Online video games maker Changyou.com
It was only the third initial public offering in the United States since August 2008, and the largest Chinese IPO on a U.S. exchange since December 2007, according to Thomson Reuters data.
If this IPO had come in November, when the markets were low, it would have flopped, said Francis Gaskins, president of research firm IPO Desktop. It was obviously lifted by the rising markets. The Nasdaq index <.IXIC> ended 3.3 percent higher.
The initial public offering of Changyou, spun off from Chinese Internet portal Sohu.com Inc
The American Depositary Receipts started trading on Nasdaq at $22.02, a 38 percent premium over its pricing of $16 Wednesday evening.
Changyou sold 7.5 million ADRs, raising $120 million after pricing at the top of its estimate range.
Changyou Chairman Charles Zhang said the strong debut was due to the deal's pricing as well as the track record of Sohu, which has been listed on Nasdaq for nine years.
The pricing was based on the environment, and our price-earnings multiple was low compared to others, Zhang told Reuters.
WILL KEEP 70 PCT STAKE
The valuation multiple of the Changyou IPO offer price of $16 was about seven, compared with a range of 11 to 13 for rivals such as Giant Interactive Group Inc
It did well because Sohu's shareholder base is familiar with Changyou as a division of Sohu, Zhang added.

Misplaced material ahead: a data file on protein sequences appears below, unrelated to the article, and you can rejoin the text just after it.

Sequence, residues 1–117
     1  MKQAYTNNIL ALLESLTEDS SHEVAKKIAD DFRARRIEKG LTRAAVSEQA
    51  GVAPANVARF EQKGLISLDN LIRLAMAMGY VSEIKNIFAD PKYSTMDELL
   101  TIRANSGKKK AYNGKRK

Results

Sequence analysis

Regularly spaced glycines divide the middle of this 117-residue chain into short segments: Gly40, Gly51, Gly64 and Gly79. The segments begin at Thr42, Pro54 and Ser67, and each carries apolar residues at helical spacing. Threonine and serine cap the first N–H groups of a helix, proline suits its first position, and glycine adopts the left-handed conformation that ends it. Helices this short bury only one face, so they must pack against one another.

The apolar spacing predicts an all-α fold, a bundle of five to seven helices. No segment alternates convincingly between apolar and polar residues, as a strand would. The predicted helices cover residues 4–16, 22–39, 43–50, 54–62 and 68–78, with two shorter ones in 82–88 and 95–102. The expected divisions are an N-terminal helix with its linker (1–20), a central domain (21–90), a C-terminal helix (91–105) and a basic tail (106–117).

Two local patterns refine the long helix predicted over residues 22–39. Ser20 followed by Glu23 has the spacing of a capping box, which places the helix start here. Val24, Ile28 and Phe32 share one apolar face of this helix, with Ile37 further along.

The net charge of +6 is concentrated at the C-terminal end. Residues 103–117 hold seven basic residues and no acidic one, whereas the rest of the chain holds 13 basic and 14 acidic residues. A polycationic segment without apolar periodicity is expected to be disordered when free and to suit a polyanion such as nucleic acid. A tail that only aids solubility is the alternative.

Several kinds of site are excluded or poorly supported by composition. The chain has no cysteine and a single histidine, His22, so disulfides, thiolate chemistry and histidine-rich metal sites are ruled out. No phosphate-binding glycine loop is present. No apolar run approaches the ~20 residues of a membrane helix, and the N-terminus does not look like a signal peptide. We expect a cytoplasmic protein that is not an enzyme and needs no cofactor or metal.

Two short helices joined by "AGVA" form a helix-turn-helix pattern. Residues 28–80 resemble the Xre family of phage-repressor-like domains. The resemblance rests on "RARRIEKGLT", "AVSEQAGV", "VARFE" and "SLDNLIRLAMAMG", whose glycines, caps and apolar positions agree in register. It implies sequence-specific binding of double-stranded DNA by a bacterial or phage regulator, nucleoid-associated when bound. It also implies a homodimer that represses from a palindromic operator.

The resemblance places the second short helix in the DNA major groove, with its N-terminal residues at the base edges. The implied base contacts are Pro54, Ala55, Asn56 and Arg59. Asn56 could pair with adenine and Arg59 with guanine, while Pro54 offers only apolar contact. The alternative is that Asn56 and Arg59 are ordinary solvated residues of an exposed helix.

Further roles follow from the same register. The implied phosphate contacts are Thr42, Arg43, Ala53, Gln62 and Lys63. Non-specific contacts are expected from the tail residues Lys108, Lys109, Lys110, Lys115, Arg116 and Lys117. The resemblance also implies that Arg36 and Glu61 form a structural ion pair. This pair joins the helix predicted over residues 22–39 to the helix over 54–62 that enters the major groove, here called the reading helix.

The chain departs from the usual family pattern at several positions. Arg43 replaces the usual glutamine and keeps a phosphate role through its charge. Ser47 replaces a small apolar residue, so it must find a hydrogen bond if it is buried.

The only other stock market debut this year was also a spinoff, an $828 million IPO by pediatrics nutrition maker Mead Johnson Nutrition Co
Mead Johnson had tremendous financials and brand awareness, as do Changyou and (upcoming IPO) Rosetta Stone, meaning that a company meeting those criteria should feel safe attempting an IPO, said Scott Sweet, senior managing director with research firm IPO Boutique.
Set to price their IPOs in two weeks are Rosetta Stone Inc
After the IPO, Soho has a stake of about 70 percent in Changyou, a level Zhang said it plans to maintain, making a follow-on offering not likely soon. Zhang is also chairman of Sohu.
The IPO attracted orders for 15 times the number of shares on offer, a source told Reuters Wednesday.
Changyou is best known for its online, role-playing martial-arts game, Tian Long Ba Bu, which accounts for about 94 percent of total revenues, and was launched in May 2007.
Analysts said the dependence on one blockbuster is a red flag, but Zhang said the company has three new games in the pipeline, with at least one title expected by the end of the year.
Zhang estimated about 300 million Internet users in China, and expects that to grow to 600 million in five years, bringing millions more online gamers.
If you talk about video games in China, it's online games, Zhang said. On a global basis, I think the online game will be the future.
Zhang said Changyou was in the early stages of marketing its games outside China.
One video games analyst cautioned against thinking the Chinese market is limitless.
It's the classic situation. Everybody believes China is going to grow in perpetuity, said Wedbush Morgan analyst Michael Pachter.
My question is what are the barriers to entry? It's a very healthy market, but there is a lot of competition.
The last IPO to jump as quickly as Changyou was Intrepid Potash Inc